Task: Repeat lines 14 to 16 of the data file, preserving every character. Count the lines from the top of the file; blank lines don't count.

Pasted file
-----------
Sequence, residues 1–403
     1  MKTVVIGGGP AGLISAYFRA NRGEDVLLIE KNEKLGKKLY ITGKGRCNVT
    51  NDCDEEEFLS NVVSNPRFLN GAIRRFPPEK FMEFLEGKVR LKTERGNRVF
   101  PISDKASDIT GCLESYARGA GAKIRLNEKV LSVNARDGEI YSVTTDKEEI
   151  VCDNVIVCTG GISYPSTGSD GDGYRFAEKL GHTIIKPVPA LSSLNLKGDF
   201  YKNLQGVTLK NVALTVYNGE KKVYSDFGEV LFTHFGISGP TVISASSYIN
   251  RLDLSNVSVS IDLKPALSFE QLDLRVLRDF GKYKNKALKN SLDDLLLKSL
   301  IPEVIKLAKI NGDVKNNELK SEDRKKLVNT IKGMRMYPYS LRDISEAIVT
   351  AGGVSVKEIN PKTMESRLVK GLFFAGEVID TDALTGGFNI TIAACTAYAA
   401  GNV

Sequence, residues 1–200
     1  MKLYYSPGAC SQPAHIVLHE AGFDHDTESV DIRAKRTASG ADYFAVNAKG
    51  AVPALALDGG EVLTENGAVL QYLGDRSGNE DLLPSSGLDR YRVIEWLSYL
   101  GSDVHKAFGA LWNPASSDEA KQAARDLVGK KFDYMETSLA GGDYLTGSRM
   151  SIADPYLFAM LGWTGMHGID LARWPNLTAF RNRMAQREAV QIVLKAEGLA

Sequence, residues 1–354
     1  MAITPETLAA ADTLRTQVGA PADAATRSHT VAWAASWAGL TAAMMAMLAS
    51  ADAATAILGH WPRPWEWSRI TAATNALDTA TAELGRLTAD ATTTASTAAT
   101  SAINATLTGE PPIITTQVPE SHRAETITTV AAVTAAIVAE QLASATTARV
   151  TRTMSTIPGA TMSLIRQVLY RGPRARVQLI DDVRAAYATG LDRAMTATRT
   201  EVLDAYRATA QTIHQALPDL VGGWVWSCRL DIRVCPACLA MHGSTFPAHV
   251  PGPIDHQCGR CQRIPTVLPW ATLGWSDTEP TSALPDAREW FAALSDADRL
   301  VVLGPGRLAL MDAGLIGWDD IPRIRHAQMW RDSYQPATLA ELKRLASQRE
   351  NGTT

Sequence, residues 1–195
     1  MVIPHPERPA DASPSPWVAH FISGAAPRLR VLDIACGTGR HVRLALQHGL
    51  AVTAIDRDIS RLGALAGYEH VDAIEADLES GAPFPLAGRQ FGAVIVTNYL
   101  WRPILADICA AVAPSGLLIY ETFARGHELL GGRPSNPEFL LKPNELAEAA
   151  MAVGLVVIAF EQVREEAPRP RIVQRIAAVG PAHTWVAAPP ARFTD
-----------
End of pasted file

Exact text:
   101  GSDVHKAFGA LWNPASSDEA KQAARDLVGK KFDYMETSLA GGDYLTGSRM
   151  SIADPYLFAM LGWTGMHGID LARWPNLTAF RNRMAQREAV QIVLKAEGLA

Sequence, residues 1–354